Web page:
Republic of Ireland. There was also discussion of including a team from the South Pacific Island nations, such as Fiji; or a combined Pacific Islanders team from Fiji, Samoa, and Tonga. Hungary. In recent years (2001 onwards), Australia had pushed unsuccessfully for the inclusion of a fourth Australian team (this has been now confirmed as Western Australia), and South Africa for another team from its country (two extra teams were added, for a total of six, but only five will compete in any given year). Greece. Therefore by setting up the Super 12, the Unions had a product that was in demand from viewers, enabling them to sell a 10 year contract for exclusive television rights to News Corp for USD 555 million , giving them both coverage and financial support. Germany. Another reason is that with the establishment of the Super League, the Rugby Unions were concerned that they would lose players, who were switching codes to follow the high salaries.
France. A key part of the business model for the Foxtel pay TV network in Australia was to attract subscribers by offering an exclusive product (such as rugby union) which could not be seen on free-to-air broadcast television. Finland. One significant reason for the development of the Super 12 competition was the introduction, in Australia especially but also in other nations, of pay (or subscription) television. Denmark. Australia, New Zealand and South Africa formed SANZAR (South African, New Zealand and Australian Rugby) to administer an annual 12-team provincial competition and Tri-Nations Test Series between the three countries. Czech Republic. It was born out of the success of 1995 Rugby Union World Cup, pitting regional teams of the then three strongest rugby nations against each other.
Belgium. The first Super 12 series was held in 1996, although it has its origins in the Super 10, Super 6 and South Pacific championships. Austria. The Australian teams also play each other for the National Ricoh Championship (or State of the Union), the winner of which is awarded the Bob Templeton trophy. The two winners then play the final at the home ground of the top surviving seed. The top four teams at the end of the round-robin phase then play semifinals, with the first placed team hosting the fourth placed team and the second placed team hosting the third placed team.
A bonus point is also earned by a team that loses a game by seven points (a converted try) or less. Teams also receive a bonus point for scoring four tries, regardless of the final result. A team receives four points for a win, two for a draw, and none for a loss. Games are held over 14 weekends with each team receiving one bye.
There are 91 regular season games in total. The Super 14 is a round-robin competition with each team playing every other team once, with six or seven home games and six or seven away games. The naming rights for the competition are different in the three countries:. .
From 1996 through 2005, the competition was known as Super 12; the name change came about after two teams were added for the 2006 season. The Super 14 is a rugby union championship competed for by teams from New Zealand, Australia and South Africa. Penalties: 43 – Andrew Mehrtens, Crusaders, 1999. Conversions: 39 – Stirling Mortlock, Brumbies, 2000.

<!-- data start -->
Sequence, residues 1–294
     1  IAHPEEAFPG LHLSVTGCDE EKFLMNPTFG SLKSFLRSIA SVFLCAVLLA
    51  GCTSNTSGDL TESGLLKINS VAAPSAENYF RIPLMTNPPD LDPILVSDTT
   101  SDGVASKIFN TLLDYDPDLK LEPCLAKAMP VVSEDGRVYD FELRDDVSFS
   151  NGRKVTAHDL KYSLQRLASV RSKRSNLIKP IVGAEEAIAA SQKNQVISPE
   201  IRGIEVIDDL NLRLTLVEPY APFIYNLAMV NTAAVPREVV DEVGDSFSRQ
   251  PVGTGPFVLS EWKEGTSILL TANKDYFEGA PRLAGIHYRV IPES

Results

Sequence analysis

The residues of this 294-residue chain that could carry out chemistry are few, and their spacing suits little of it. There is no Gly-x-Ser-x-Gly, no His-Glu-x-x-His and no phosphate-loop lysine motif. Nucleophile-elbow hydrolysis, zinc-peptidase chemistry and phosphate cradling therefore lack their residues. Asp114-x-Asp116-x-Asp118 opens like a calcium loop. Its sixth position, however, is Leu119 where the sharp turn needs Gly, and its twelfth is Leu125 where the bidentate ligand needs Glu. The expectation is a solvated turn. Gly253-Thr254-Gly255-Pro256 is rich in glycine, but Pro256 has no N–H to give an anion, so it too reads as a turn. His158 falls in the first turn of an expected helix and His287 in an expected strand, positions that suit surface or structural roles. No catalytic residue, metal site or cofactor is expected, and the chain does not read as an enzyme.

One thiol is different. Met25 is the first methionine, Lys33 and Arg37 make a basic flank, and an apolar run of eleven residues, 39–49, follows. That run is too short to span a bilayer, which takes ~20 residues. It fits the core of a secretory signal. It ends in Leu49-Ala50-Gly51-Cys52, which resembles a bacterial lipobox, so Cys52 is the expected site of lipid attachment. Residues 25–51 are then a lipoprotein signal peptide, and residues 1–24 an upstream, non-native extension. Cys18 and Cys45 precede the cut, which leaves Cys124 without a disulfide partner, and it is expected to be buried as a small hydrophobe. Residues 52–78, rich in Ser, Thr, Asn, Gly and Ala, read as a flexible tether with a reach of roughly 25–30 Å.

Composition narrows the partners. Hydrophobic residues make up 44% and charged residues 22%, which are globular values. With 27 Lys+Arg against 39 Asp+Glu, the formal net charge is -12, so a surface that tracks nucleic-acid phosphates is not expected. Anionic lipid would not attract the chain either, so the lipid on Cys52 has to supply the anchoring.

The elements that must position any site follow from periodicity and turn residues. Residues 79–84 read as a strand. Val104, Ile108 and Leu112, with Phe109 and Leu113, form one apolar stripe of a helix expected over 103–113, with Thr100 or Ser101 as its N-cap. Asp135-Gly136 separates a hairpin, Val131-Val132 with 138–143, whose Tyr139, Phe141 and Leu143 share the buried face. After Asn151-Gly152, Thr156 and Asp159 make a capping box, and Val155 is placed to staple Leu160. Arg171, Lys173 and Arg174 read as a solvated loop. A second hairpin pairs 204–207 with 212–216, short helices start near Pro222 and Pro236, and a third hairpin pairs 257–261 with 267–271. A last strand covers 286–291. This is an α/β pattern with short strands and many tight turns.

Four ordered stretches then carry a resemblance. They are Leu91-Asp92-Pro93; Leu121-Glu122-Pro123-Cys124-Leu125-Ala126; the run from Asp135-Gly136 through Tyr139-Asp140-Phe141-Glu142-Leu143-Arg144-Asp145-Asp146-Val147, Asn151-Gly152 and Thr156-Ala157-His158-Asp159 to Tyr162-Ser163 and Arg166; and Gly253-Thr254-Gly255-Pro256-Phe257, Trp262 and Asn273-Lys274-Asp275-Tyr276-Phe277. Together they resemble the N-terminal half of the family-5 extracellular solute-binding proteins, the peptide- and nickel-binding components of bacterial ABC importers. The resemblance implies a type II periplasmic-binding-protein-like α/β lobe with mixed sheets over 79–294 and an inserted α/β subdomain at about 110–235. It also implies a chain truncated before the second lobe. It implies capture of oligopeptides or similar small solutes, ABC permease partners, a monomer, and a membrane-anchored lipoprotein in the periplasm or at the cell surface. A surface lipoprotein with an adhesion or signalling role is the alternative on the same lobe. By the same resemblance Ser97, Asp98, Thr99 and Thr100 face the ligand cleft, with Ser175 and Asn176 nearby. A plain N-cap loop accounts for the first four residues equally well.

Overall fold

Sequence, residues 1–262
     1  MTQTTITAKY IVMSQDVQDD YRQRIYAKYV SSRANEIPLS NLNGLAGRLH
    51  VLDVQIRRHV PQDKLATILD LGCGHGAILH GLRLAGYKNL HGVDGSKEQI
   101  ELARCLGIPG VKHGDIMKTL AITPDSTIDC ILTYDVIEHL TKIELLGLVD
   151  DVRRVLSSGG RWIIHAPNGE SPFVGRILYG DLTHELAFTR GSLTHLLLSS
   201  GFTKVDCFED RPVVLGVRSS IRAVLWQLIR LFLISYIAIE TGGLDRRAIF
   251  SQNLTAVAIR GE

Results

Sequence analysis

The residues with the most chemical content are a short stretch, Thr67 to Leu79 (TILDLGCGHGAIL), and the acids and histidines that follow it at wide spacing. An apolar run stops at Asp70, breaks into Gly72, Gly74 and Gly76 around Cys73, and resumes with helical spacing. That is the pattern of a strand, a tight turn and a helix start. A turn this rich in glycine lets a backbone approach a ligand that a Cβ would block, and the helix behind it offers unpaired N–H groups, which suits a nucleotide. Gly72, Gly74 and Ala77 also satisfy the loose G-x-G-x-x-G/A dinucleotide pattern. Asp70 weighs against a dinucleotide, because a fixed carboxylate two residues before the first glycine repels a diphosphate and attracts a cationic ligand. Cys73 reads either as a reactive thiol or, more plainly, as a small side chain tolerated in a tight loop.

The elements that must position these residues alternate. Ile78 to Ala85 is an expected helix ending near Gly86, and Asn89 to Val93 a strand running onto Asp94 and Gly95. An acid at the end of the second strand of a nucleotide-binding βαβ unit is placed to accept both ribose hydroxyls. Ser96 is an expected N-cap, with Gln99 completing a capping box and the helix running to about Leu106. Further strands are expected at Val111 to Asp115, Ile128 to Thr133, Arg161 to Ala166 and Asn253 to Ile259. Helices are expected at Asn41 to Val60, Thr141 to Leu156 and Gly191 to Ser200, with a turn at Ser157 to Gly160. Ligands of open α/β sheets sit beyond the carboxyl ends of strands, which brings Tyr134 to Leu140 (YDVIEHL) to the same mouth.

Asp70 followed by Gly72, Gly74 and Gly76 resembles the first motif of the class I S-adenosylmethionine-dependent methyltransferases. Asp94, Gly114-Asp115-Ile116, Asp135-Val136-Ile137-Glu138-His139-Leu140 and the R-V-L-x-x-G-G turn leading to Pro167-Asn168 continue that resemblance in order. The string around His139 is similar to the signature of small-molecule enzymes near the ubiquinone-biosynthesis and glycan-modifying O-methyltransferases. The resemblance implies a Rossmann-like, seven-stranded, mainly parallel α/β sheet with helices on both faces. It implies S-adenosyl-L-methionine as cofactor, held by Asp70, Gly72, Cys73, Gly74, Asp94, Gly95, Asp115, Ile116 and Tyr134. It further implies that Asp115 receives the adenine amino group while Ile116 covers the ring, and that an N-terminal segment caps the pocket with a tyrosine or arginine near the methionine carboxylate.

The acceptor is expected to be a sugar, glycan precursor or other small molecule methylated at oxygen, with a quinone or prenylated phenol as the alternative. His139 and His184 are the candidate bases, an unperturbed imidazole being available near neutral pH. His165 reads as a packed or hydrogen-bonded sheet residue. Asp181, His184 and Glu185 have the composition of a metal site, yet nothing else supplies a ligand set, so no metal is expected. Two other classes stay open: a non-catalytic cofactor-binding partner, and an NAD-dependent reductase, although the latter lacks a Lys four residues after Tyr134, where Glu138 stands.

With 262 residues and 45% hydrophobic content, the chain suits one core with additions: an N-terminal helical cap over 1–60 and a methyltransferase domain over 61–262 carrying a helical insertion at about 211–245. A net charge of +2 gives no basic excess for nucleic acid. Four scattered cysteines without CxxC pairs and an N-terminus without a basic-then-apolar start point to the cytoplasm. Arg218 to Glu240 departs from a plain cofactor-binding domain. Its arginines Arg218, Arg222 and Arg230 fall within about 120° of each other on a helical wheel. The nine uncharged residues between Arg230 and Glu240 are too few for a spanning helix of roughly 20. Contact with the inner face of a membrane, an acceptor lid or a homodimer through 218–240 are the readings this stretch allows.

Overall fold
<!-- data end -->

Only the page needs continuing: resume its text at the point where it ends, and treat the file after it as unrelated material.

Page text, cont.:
Tries: 14 – Joe Roff, Brumbies, 1997, Rico Gear, Crusaders, 2005. Points: 206 – Andrew Mehrtens, Crusaders, 1998. Penalties: 195 – Andrew Mehrtens, Crusaders. Conversions: 148 – Matt Burke, Waratahs.
Tries: 57 – Joe Roff, Brumbies. Points: 926 – Andrew Mehrtens, Crusaders. First Super 12 penalty: Cameron, Wellington v Auckland, Palmerston North, 1996. First Super 12 conversion: Cameron, Wellington v Auckland, Palmerston North, 1996.
First Super 12 try: Alama Ieremia, Auckland v Wellington, Palmerston North, 1996. Fewest wins in a season: 0 – Bulls, 2002 regular season. Most wins in a season: 11 – Crusaders, 2002 regular season. Fewest tries in a season: 15 – Auckland, 1999, 2000.
Most tries in a season: 56 – Auckland, 1996/7, 1998. Most tries in a match: 14 – Crusaders v Waratahs, 2002. Most consecutive losses: 11 – Bulls, 2002. Most consecutive wins: 15 – Crusaders, 2002/03.
Highest score away: 60 – Blues v Hurricanes (7), 2002. Highest winning margin: 77 – Crusaders v Waratahs (96-19), 2002. Lowest score: 0 – Bulls v Brumbies (15), 1999; Cats v Brumbies (64), 2000. Highest score: 96 – Crusaders v Waratahs (19), 2002.
South Africa 0 (2). Australia 2 (4). New Zealand 8 (4). Waratahs 0 (1).
Highlanders 0 (1). Sharks 0 (2). ACT Brumbies 2 (3). Blues 3 (1).
Crusaders 5 (2). 2005 Crusaders 35-25 Waratahs. 2004 ACT Brumbies 47-38 Crusaders. 2003 Blues 21-17 Crusaders.
2002 Crusaders 31-13 ACT Brumbies. 2001 ACT Brumbies 36-6 Sharks. 2000 Crusaders 20-19 ACT Brumbies. 1999 Crusaders 24-19 Highlanders.
1998 Crusaders 20-13 Blues. 1997 Blues 23-7 ACT Brumbies. 1996 Blues 45-21 Sharks. Stormers - Cape Town (plus northern Western Cape).
Sharks - Durban (KwaZulu-Natal). Central Cheetahs - Bloemfontein (Free State Province plus Northern Cape). Cats - Johannesburg (plus Mpumalanga and North West). Bulls - Pretoria (plus East Rand and Limpopo Province).
Chiefs - central North Island, plus South Auckland. Blues - Northland Peninsula and most of metropolitan Auckland. New Zealand
Queensland Reds. New South Wales Waratahs. Brumbies - Australian Capital Territory (plus southern New South Wales). Australia
In South Africa, telecommunications company Vodacom has naming rights and the competition is referred to as the Vodacom Super 14. In Australia, the Tooheys brewery has naming rights and the competition is referred to as the Tooheys New Super 14, named after its Tooheys New brand. Previously Ubix and then Telecom New Zealand (TNZ). In New Zealand, sporting goods retailer Rebel Sport has naming rights and the competition is referred to as the Rebel Sport Super 14.